The sexual transmission of hepatitis C virus (HCV) has long been debated. The prevalence of infected at-risk partners varies from 0% to 30%. In a prospective study, the risk of infection was quantified in steady heterosexual partners and the prophylactic effect of normal human polyvalent immune serum globulin (ISG) was evaluated. A total of 899 at-risk partners of HCV-infected patients were enrolled in a single-blind randomized controlled trial and assigned to receive every 2 months 4 mL of intramuscular ISG from unscreened donors (450 partners) or placebo (499 partners). Seven partners developed acute HCV infection (increased aminotransferase levels and appearance of HCV-RNA): six of the placebo group (incidence density [ID] 12.00/1,000 person year; 95% confidence interval [CI] 3.0 to 21.61), and only one of the ISG-treated group (ID 1.98/1,000 person year; 95% CI 0 to 5.86). The risk of infection was significantly higher in controls versus treated individuals (p = 0.03). Six couples had genotype 1b (85%), and one couple had genotype 1a; HCV sequence homology strongly supported sexual transmission. Our trial demonstrates that HCV infection can be sexually transmitted and quantifies the risk of sexual transmission: for every year of at-risk sexual relationship, almost 1% of the partners became infected. Intramuscular ISG is safe and well tolerated. Unlike ISG from screened donors, ISG from donors unscreened for anti-HCV contains high titers of anti-gpE1/gpE2 neutralizing antibodies and high neutralizing activity. Anti-HCV hyperimmune globulin could be prepared from anti-HCV-positive blood units and could be used to protect sexual partners and in other at-risk situations of exposure to HCV infection.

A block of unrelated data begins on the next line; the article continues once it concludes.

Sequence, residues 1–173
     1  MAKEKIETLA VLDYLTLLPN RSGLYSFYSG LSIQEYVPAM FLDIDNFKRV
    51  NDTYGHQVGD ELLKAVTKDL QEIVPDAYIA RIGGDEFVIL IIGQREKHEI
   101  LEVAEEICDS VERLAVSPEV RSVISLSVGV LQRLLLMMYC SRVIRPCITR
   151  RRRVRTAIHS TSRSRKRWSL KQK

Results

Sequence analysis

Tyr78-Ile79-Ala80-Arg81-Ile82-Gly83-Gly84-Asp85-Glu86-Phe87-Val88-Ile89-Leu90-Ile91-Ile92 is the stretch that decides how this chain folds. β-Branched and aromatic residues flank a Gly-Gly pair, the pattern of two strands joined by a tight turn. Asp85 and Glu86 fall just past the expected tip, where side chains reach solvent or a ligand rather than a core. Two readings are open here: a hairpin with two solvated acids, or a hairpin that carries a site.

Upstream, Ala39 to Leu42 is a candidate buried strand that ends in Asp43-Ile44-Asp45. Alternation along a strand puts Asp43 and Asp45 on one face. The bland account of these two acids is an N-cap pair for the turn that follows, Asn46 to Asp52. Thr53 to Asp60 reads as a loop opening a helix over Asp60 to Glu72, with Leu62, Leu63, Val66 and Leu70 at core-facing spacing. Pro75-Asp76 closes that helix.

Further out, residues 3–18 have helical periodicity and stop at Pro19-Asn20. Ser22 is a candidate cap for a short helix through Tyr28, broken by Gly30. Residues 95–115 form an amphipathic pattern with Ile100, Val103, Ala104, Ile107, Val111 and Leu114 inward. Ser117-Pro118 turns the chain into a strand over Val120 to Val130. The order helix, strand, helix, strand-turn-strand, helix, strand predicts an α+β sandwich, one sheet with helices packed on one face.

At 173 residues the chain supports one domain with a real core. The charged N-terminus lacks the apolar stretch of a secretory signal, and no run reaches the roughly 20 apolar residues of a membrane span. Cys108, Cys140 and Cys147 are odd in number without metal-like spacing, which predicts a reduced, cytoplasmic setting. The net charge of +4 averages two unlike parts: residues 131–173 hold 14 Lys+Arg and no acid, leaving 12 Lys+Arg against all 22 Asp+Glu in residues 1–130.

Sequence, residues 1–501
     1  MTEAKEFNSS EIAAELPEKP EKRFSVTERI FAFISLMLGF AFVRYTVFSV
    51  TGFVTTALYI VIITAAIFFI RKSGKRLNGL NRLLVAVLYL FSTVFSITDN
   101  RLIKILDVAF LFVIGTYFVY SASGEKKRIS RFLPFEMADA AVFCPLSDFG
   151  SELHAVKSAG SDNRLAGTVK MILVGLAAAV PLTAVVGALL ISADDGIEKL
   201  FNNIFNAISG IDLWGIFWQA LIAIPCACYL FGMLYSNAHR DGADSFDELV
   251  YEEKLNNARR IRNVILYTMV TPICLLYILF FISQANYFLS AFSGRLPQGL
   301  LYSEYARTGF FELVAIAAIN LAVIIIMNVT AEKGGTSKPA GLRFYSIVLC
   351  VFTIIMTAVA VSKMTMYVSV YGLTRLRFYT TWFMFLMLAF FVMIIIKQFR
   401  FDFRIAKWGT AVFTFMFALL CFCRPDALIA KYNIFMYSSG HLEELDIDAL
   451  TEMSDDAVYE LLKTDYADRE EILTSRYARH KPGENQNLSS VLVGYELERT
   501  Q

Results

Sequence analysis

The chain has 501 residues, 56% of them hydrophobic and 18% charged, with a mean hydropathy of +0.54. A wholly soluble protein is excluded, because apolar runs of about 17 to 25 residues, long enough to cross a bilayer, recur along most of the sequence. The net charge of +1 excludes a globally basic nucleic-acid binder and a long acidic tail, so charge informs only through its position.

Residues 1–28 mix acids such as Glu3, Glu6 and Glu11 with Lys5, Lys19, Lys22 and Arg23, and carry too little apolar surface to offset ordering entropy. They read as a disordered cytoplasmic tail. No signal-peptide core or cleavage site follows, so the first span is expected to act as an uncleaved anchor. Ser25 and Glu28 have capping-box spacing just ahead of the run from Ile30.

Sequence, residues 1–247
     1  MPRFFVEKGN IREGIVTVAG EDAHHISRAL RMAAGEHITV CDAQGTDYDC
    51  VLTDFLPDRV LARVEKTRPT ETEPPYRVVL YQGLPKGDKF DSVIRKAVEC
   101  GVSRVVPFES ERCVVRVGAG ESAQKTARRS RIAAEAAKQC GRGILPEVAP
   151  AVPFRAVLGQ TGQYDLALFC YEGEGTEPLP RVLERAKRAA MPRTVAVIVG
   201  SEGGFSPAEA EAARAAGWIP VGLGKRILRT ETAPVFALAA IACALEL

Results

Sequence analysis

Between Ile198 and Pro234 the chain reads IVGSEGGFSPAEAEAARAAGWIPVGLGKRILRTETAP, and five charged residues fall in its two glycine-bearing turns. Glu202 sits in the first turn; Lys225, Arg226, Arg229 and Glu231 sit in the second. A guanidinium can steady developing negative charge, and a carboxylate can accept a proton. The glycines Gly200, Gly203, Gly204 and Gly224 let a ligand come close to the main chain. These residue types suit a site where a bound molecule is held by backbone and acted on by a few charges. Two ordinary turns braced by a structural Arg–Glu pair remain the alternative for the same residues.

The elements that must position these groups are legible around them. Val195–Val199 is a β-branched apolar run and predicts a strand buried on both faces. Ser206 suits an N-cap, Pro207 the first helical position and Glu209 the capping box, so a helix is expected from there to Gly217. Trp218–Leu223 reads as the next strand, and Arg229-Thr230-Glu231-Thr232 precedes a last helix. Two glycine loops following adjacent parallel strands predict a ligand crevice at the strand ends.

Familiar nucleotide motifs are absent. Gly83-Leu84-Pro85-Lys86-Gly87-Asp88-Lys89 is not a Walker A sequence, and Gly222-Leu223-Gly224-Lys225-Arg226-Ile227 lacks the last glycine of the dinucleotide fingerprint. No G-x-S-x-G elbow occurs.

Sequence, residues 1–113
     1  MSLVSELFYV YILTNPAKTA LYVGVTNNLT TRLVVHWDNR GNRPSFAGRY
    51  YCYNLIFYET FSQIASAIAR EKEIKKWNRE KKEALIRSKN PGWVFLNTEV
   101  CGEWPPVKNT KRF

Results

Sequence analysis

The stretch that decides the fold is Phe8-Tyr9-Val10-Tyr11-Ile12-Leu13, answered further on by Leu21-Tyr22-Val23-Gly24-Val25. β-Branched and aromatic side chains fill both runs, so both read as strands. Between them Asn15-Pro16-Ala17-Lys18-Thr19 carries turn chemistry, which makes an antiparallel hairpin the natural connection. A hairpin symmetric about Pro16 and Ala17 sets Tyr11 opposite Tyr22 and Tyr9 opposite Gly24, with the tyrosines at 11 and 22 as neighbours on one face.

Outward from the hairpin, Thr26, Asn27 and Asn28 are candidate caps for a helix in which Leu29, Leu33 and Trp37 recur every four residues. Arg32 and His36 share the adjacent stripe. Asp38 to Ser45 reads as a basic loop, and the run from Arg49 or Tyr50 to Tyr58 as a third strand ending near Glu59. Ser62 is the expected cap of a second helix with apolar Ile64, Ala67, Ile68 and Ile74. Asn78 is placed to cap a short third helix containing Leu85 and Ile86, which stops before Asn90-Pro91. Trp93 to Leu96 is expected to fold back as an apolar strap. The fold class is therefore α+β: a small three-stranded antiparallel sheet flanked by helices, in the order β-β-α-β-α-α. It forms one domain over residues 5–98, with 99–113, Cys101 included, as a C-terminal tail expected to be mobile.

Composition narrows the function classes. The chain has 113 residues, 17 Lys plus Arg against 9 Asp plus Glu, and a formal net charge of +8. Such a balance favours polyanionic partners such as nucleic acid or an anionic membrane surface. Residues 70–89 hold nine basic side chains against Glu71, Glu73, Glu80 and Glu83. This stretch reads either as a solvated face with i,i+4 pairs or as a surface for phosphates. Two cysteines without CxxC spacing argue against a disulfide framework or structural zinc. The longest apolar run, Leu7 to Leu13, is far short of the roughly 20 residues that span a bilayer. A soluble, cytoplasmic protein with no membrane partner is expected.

|Number of pages||8|
|Journal||AIDS Patient Care and STDs|
|Publication status||Published - Aug 1998|
ASJC Scopus subject areas
- Public Health, Environmental and Occupational Health
- Leadership and Management